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Box, Dropbox, or drop both?

David Geer | March 11, 2014
Does either meet enterprise security standards for cloud-based file sharing?

If an enterprise customer wants to use Dropbox in compliance with regulations such as HIPAA and FIRPA, third-party developers offer applications that work with Dropbox and some of those applications help organizations to meet those specific regulatory requirements, according to Piper.

Kinds of data permitted
Hackers could create "floating" attack staging platforms inside these file sharing services. Due to the nature of these file sharing services, says Gordon, they heavily defend customer files from the outside in, but don't examine them as carefully from the inside out.

"Specifically, due to a desire to be all things to all customers, many of these vendors follow a guiding business principle to acquire ever larger shares of the customer segments that they target by allowing almost totally unrestricted content storage within their systems. Some of that content can be highly toxic and lethal," explains Gordon.

Hackers can easily store and share malware in these systems. "Since these systems are often used without the oversight and knowledge of IT and apart from compliance functions within the enterprise, the services can bypass the most basic elements of user awareness and oversight in favor of ease-of-use and flexibility," says Gordon.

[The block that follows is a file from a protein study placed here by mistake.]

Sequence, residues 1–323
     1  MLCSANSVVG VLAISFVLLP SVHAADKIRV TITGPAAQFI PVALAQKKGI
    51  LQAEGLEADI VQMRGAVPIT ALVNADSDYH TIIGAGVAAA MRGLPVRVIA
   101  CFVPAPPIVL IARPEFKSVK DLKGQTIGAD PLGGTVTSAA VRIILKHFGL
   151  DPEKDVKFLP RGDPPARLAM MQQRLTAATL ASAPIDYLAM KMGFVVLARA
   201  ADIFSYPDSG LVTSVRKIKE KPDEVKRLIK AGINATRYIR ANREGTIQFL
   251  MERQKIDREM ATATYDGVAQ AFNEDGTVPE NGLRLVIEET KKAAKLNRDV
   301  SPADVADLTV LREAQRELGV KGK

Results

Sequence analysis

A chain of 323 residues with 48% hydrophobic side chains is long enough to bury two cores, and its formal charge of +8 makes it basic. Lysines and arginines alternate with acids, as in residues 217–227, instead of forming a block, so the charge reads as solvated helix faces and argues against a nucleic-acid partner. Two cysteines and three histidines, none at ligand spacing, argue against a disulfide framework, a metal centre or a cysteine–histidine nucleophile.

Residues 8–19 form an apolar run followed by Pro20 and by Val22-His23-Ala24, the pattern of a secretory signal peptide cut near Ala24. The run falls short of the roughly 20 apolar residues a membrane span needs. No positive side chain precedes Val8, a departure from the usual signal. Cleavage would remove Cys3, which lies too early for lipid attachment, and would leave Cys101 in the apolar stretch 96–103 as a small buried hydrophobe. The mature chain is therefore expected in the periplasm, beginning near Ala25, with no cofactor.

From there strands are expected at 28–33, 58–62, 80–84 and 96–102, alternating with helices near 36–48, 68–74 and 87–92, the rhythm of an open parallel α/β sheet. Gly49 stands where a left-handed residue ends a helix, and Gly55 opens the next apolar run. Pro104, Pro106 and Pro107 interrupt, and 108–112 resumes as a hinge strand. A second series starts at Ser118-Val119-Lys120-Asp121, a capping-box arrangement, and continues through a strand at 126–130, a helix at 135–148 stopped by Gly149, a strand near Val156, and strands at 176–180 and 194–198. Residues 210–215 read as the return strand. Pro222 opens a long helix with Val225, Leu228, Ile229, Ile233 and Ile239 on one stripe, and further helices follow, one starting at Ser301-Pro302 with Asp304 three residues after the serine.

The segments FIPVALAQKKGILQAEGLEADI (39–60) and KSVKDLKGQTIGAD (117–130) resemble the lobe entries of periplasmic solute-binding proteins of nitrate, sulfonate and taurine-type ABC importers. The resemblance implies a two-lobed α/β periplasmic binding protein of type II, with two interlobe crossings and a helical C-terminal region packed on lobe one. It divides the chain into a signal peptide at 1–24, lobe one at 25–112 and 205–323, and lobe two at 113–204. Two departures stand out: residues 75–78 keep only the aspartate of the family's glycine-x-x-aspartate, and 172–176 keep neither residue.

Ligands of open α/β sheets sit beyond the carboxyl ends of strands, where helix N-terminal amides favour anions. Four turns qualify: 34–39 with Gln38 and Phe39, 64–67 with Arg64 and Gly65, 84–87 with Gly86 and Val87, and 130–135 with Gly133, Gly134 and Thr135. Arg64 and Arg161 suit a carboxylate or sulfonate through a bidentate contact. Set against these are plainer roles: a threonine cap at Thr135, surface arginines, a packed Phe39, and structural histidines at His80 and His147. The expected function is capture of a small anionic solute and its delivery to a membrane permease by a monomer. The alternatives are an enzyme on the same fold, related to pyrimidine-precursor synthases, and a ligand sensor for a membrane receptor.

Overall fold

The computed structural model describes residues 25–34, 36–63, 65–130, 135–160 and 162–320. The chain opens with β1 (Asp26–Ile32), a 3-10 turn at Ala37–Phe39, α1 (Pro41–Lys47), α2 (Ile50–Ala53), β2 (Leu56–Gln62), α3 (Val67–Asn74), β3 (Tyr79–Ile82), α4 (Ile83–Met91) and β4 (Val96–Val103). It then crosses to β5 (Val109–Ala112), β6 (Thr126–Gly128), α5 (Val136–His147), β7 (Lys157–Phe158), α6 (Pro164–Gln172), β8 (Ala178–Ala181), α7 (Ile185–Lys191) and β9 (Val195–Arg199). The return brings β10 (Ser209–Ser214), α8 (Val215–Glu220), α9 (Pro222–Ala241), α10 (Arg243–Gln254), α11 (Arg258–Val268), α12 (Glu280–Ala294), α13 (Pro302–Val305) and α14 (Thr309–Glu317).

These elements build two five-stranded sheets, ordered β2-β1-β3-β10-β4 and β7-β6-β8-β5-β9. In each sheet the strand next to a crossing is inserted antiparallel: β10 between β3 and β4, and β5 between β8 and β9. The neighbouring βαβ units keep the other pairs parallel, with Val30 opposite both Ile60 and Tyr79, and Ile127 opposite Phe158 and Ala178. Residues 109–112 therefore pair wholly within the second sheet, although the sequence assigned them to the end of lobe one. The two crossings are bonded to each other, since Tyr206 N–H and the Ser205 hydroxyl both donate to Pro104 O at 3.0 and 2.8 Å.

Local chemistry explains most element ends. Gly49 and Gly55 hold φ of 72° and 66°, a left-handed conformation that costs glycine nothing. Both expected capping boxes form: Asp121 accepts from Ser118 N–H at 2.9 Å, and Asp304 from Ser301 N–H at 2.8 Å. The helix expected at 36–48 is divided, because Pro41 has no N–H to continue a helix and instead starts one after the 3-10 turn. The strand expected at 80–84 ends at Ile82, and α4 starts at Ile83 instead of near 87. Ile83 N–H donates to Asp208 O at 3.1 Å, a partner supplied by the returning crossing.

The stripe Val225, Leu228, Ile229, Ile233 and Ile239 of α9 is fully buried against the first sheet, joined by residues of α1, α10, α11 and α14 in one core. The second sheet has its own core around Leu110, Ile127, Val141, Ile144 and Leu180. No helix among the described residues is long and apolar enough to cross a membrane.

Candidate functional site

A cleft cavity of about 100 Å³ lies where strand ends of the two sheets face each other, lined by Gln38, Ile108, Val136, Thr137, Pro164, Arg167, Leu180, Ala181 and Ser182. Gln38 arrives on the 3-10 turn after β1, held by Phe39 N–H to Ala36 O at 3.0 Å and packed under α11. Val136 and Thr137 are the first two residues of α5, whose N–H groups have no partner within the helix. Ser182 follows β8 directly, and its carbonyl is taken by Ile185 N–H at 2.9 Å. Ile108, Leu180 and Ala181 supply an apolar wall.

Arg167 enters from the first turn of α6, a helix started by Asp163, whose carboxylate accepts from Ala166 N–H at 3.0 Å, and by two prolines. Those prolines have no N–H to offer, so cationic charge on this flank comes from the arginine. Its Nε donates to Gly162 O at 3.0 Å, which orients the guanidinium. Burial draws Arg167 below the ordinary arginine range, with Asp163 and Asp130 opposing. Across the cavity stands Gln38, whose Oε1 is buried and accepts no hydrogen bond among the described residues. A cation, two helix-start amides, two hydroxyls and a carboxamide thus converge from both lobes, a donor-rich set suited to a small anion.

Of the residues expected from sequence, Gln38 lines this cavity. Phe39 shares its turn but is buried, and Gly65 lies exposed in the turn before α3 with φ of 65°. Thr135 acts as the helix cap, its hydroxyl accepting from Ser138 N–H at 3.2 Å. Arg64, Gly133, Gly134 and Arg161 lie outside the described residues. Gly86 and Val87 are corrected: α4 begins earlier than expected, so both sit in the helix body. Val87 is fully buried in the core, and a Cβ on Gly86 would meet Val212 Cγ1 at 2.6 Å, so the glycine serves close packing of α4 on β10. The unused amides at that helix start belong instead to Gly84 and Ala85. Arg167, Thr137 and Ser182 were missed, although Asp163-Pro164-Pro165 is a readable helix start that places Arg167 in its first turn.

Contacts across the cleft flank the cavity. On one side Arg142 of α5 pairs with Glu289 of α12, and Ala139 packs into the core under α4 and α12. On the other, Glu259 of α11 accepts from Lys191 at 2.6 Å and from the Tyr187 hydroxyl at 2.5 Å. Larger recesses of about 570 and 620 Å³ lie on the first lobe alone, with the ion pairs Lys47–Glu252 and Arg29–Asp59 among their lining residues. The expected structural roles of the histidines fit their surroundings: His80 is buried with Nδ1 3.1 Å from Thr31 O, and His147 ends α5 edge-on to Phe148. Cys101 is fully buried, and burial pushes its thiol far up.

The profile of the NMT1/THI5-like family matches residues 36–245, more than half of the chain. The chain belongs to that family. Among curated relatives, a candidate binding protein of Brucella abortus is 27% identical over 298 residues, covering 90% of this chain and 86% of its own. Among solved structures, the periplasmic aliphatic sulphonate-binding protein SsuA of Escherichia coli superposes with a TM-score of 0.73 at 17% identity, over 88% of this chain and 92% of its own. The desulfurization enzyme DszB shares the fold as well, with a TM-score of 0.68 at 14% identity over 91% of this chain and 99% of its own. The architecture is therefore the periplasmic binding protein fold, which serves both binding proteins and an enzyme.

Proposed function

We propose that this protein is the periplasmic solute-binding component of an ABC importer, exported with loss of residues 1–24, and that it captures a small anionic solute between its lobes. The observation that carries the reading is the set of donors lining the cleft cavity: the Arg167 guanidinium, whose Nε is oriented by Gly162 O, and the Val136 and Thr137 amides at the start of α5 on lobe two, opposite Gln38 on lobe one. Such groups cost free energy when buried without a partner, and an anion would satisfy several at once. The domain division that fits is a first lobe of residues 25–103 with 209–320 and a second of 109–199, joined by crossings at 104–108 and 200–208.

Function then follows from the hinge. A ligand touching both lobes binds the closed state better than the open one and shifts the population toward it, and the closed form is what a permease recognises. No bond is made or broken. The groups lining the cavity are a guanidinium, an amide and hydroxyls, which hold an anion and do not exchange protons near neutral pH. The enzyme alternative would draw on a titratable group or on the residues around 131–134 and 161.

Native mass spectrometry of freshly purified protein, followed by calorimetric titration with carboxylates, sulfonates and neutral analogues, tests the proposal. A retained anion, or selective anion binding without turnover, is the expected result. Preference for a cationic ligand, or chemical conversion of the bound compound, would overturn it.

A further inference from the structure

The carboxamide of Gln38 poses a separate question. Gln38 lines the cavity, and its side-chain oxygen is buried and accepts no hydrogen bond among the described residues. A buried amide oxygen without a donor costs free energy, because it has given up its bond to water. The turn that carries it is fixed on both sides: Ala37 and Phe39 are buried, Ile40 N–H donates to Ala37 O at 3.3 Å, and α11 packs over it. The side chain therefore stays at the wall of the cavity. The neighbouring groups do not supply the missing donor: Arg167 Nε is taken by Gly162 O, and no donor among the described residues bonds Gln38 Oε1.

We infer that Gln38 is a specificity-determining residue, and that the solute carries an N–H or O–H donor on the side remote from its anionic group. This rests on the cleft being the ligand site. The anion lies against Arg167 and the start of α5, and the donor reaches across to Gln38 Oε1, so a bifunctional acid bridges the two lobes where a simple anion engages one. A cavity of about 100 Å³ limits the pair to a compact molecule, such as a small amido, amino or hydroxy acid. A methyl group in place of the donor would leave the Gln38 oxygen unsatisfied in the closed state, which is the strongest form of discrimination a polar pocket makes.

But according to Box, its various controls make floating attack platforms inside the service highly unlikely. "While Box does not restrict the kinds of files customers can upload, Box is not a live, runtime environment. Scripts and executables cannot run within the platform," says Shirk. Further, Box enables customers to run A/V scans on Box content to mitigate any potential for infection. "And, we restrict file conversion and interpretation only to known file types (.doc, .txt, .xls, etc)," says Shirk.

Dropbox, however, doesn't take as many precautions as Box does. Though Dropbox can store any file type, Dropbox users agree to not misuse the service, according to Louie. "We review reports of abuse and violations of acceptable use policies and take appropriate action when necessary," says Louie.


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